"I learned the value of seeking dissenting views back in the fifth grade, when I had my first political rude awakening. My friends and I were certain that George McGovern was going to be our next president -- and we weren't progressive-school pinkos either. We were God-fearing Baptist-school kids from Whittier, the very town where the man who defeated McGovern, Richard Nixon, went to high school and college. How could I have misread the clear signs of Nixon's landslide? I realized then that I had to open my eyes to a world beyond my own.
"This past election cycle, I listened to Limbaugh almost every day -- switching to Jim Rome or the safe haven of NPR when I needed a break from the bombast. As a member of the non-mainstream media, I find it useful to hear conservative attack strategies being shaped on the air. Less interesting to me are the over-hyped skirmishes between Limbaugh and the Obama administration, which are mostly about ratings and political posturing. I listen for the subtler themes that worm their way into our national dialogue. It was morbidly fascinating to hear Limbaugh plant his father's anti-FDR bias into the bailout debate. The contrarian idea that Franklin Roosevelt actually made the Great Depression worse found its traction on Limbaugh's show and quickly spread to cable news' talking heads.
"You could call Limbaugh our national toxic asset. But if an essential part of being an American is the ability to consider all sides of an issue (a truly liberal thought), then listening to Limbaugh might just be a patriotic act."
Norman Lear Writer, producer and founder of People for the American Way
"Hi, there, Mr. Klavan. I hate to call you wrong from your very first sentence, but I read the L.A. Times and listen to Rush Limbaugh. In fact, I pay what El Rushbo & Co. charge to get transcripts of his show every day, so I can be sure to see in context those 'selected excerpts spoon-fed' me 'by the distortion-mongers of the mainstream media' you write about. I am thoroughly up to date on Mr. Limbaugh and what you label 'his pieces of outrageous hilarity.'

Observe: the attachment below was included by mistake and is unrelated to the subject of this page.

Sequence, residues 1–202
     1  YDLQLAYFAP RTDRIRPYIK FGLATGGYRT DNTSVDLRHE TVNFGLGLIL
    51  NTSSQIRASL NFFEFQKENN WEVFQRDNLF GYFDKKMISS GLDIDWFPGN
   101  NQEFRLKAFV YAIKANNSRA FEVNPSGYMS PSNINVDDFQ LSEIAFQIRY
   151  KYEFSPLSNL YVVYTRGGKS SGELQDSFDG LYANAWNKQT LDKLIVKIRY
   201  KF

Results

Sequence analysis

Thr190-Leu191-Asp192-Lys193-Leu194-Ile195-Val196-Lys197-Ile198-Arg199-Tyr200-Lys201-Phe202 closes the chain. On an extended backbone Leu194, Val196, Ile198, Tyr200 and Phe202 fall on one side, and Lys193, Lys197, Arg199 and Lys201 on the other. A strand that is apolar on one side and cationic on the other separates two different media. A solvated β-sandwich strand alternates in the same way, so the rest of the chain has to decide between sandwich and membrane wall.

"And as I came across all that hilarity last this week, I could feel my 'scrawny chest swelling with a warm sense of completely unearned righteousness.'
"And, just as you predicted, I turned to my spouse (my third spouse -- you were so kind and not at all self-righteous to assume that we liberals would only have married twice) and said something, but not quite what you thought. I said, 'Oh God, if only I had been given a sense of humor like Mr. Klavan, maybe then I'd see the fun in wanting my president, six weeks in office, to fail in these treacherous times; or the hilarity in labeling as 'phony war veterans' those Iraq vets who lost faith in their leader and that war; or the giggles available in Limbaugh's incessant dumping on the preponderance of scientists, worldwide, who take global warming very seriously.'
"Then, again as you predicted, I 'widen[ed] my eyes and open[ed] my mouth in the universal sign of Liberal Outrage.'
"But here is what else I -- 'a lowdown, yellow-bellied, lily-livered, intellectual coward' -- have to say. I will fight with my life -- and I have done that -- to protect Mr. Limbaugh's right to speak. And your right also, Mr. Klavan, to carry on on his behalf. Which doesn't change the fact that El Rushbo suffers from extreme flatulence of speech, emotion and personality. The 'hilarious' El Rushbo is simply a pompous, self-worshiping blowhard and bully. And you, sir, Mr. Klavan, are silly."
Constance L. RiceCivil rights attorney in Los Angeles
"As yet another liberal, long-time listener, I've formed many opinions about Rush Limbaugh. He is a brilliant circus barker, the perfect cipher for cynics, a masterful agitator of paranoia and a beguiling oracle for the low-information cohort. I suspect that the only human he loathes more than "feminazis" and "limousine liberals" is himself. As with all malignant narcissists with a megaphone, he bears watching. Just think of him as the Father Coughlin of 2008."Copyright © 2015, Los Angeles Times